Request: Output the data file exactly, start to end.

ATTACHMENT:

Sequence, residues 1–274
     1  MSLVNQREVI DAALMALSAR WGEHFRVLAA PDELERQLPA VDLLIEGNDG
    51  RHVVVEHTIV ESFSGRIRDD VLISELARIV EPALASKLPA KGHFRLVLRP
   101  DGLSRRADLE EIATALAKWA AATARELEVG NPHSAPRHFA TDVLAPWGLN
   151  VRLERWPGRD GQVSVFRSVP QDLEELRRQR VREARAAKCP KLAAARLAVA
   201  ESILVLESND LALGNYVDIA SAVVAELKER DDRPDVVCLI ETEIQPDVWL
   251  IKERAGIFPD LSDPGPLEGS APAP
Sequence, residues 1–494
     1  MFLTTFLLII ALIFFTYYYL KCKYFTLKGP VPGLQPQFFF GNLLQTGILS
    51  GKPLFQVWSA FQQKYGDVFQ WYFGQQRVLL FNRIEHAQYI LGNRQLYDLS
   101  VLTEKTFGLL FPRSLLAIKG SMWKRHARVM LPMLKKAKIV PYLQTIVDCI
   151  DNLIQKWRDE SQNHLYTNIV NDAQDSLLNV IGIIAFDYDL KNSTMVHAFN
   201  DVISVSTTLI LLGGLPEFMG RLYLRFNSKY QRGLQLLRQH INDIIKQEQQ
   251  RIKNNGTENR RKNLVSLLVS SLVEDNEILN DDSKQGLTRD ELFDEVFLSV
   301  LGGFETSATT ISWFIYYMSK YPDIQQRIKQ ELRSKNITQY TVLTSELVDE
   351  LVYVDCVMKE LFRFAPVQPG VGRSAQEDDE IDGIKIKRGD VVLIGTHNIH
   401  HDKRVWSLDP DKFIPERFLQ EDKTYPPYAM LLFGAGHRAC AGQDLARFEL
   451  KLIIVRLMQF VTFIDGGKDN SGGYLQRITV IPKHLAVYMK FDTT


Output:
Sequence, residues 1–274
     1  MSLVNQREVI DAALMALSAR WGEHFRVLAA PDELERQLPA VDLLIEGNDG
    51  RHVVVEHTIV ESFSGRIRDD VLISELARIV EPALASKLPA KGHFRLVLRP
   101  DGLSRRADLE EIATALAKWA AATARELEVG NPHSAPRHFA TDVLAPWGLN
   151  VRLERWPGRD GQVSVFRSVP QDLEELRRQR VREARAAKCP KLAAARLAVA
   201  ESILVLESND LALGNYVDIA SAVVAELKER DDRPDVVCLI ETEIQPDVWL
   251  IKERAGIFPD LSDPGPLEGS APAP
Sequence, residues 1–494
     1  MFLTTFLLII ALIFFTYYYL KCKYFTLKGP VPGLQPQFFF GNLLQTGILS
    51  GKPLFQVWSA FQQKYGDVFQ WYFGQQRVLL FNRIEHAQYI LGNRQLYDLS
   101  VLTEKTFGLL FPRSLLAIKG SMWKRHARVM LPMLKKAKIV PYLQTIVDCI
   151  DNLIQKWRDE SQNHLYTNIV NDAQDSLLNV IGIIAFDYDL KNSTMVHAFN
   201  DVISVSTTLI LLGGLPEFMG RLYLRFNSKY QRGLQLLRQH INDIIKQEQQ
   251  RIKNNGTENR RKNLVSLLVS SLVEDNEILN DDSKQGLTRD ELFDEVFLSV
   301  LGGFETSATT ISWFIYYMSK YPDIQQRIKQ ELRSKNITQY TVLTSELVDE
   351  LVYVDCVMKE LFRFAPVQPG VGRSAQEDDE IDGIKIKRGD VVLIGTHNIH
   401  HDKRVWSLDP DKFIPERFLQ EDKTYPPYAM LLFGAGHRAC AGQDLARFEL
   451  KLIIVRLMQF VTFIDGGKDN SGGYLQRITV IPKHLAVYMK FDTT